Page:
Freshman Statistics Seminar
Week 12:Sampling the Sub-Populations
The purpose of this section is to introduce basic principles of sub-sampling larger populations, ways in which these subsamples might be taken, and reasons why this would be important in medical research.
Kent, D and R Hayward. 2007. When Averages Hide Individual Differences in Clinical Trials. Amer Sci. 95:60-68.
This article gives a nice overview of how averages can misrepresent the effects for any given group of patients.
Rathore, SS and HM Krumholz. 2003. Race, ethnic group, and clinical research. BMJ 327:763-764.
This is a very brief editorial detailing the ethical and the scientific issues with incorporating race or ethnic groups into analyses of clinical trials.
Tate, SK, C Depondt, SM Sisodiya, GL Cavalleri, S Schorge, N Soranzo, M Thom, A Sen, SD Shorvon, JW Sander, NW Wood, & DB Goldstein. 2005. Genetic predictors of the maximum doses patients receive during clinical use of the anti-epileptic drugs carbemazepine and phenytoin. Proc. Natl. Acad. Sci. 102:5507-5512.
This is a short article illustrating how gene differences can affect how effective different drugs are for a given condition. This article sets up the active learning module.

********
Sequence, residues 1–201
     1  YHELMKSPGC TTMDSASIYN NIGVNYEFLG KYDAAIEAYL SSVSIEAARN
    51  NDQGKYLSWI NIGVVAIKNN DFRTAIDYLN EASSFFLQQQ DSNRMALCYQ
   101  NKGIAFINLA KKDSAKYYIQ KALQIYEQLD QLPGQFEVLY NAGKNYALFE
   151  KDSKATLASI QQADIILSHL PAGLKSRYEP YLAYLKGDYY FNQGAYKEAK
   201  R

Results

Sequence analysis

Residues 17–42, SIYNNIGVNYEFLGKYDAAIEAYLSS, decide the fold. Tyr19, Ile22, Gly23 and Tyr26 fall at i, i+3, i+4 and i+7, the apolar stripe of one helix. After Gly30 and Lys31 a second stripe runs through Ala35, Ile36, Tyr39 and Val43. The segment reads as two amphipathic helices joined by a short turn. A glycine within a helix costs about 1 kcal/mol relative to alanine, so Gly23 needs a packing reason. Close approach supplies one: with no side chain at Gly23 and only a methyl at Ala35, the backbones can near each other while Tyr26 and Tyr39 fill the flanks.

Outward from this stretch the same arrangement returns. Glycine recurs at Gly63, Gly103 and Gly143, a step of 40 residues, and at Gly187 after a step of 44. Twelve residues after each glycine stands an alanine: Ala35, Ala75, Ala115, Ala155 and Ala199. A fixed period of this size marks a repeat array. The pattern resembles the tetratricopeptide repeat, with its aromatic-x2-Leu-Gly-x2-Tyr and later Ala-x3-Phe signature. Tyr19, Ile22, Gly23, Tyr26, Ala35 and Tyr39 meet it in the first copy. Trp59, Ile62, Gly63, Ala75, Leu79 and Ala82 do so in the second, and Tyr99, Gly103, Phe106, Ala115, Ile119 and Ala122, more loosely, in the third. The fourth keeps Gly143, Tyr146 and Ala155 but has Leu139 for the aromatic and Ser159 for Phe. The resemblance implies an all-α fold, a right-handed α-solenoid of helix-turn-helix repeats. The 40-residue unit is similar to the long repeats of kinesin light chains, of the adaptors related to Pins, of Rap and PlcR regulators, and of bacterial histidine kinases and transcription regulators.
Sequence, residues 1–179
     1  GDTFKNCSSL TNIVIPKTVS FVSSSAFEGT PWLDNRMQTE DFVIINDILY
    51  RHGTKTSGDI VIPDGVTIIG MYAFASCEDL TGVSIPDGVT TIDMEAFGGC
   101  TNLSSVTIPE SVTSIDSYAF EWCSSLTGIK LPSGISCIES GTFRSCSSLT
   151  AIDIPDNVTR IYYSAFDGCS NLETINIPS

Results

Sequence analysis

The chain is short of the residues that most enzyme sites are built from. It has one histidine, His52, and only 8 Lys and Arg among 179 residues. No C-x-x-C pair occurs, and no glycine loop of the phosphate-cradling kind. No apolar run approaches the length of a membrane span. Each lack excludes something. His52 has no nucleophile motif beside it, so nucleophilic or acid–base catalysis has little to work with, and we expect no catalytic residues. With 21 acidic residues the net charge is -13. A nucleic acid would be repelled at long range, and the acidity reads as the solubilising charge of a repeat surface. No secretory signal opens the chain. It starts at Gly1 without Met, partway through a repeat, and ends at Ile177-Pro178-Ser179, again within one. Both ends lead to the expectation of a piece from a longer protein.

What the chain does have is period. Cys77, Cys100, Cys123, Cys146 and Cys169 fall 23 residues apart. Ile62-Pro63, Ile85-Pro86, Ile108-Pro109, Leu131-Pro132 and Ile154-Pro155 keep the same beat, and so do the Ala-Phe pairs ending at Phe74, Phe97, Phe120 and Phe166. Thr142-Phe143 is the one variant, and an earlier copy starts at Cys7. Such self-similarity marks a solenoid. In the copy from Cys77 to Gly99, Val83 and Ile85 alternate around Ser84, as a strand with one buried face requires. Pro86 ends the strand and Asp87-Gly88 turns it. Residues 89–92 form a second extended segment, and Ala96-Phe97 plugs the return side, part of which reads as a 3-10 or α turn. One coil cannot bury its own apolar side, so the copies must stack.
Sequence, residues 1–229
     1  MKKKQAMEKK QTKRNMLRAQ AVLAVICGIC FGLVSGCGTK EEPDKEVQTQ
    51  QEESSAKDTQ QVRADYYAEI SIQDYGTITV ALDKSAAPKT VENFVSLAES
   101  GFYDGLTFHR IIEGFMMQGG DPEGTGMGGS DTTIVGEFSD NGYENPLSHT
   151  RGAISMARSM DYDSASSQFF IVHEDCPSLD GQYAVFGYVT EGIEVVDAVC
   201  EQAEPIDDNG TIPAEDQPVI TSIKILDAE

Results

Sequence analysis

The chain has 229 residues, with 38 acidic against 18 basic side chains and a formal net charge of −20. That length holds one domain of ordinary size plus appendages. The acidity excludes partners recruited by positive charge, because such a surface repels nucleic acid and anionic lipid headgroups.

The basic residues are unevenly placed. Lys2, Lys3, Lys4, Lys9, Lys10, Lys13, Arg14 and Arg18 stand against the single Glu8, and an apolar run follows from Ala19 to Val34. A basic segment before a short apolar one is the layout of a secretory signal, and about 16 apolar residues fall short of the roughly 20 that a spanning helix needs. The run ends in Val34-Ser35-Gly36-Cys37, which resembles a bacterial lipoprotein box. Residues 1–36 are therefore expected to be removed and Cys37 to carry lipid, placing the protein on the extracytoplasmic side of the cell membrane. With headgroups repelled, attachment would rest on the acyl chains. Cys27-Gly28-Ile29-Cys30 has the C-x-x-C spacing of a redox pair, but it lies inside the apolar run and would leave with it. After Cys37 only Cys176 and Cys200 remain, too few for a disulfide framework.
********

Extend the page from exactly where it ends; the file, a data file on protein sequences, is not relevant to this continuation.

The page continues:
Potential replacement for Paper 3:
Hampton, T. 2005. Gene variants explain patient differences in antiepileptic drug responses. JAMA 293: 2199.
This is a one page new article that summarizes the findings of Tate et al.
Suggested Lesson Structure:
Before class, students will read three papers addressing how disease and treatments for smaller subsets of the population can have different effects than on the population as a whole.
Part I. Discuss and Critique the Papers
Part II. Simulation of Sampling Sub-Populations for Drug Efficacy.
Students can do this activity alone, or in small groups of two to 3 students. See the active learning module for details.
Part III. Follow-up Discussion
Discuss the active learning module: the students can share their findings and their recommendations.
You could choose any number of ways to subsample your data: sex, age, birth month, etc. How might you go about choosing which way is more relevant?
If you can slice your data in hundreds of ways, how might you be able to tell if the effect you are sub-sampling for is a real phenomenon, or is an chance artifact of the number of ways you’ve split the data?
What sorts of ethical problems might you face as a researcher looking for subtle effects in diverse patient populations?
Active Learning Module:
The simulation in Excel provides a simulated set of data for 150 patients in a drug trial. Part 1 lists the efficacy values for all patients; Part 2 lists the same data, but also gives additional information for each patient. Students can subsample the data by sorting by the additional information and calculate means for each.
Here’s the graph of the means by each class.
Download Simulation Data for Sampling Sub-populations: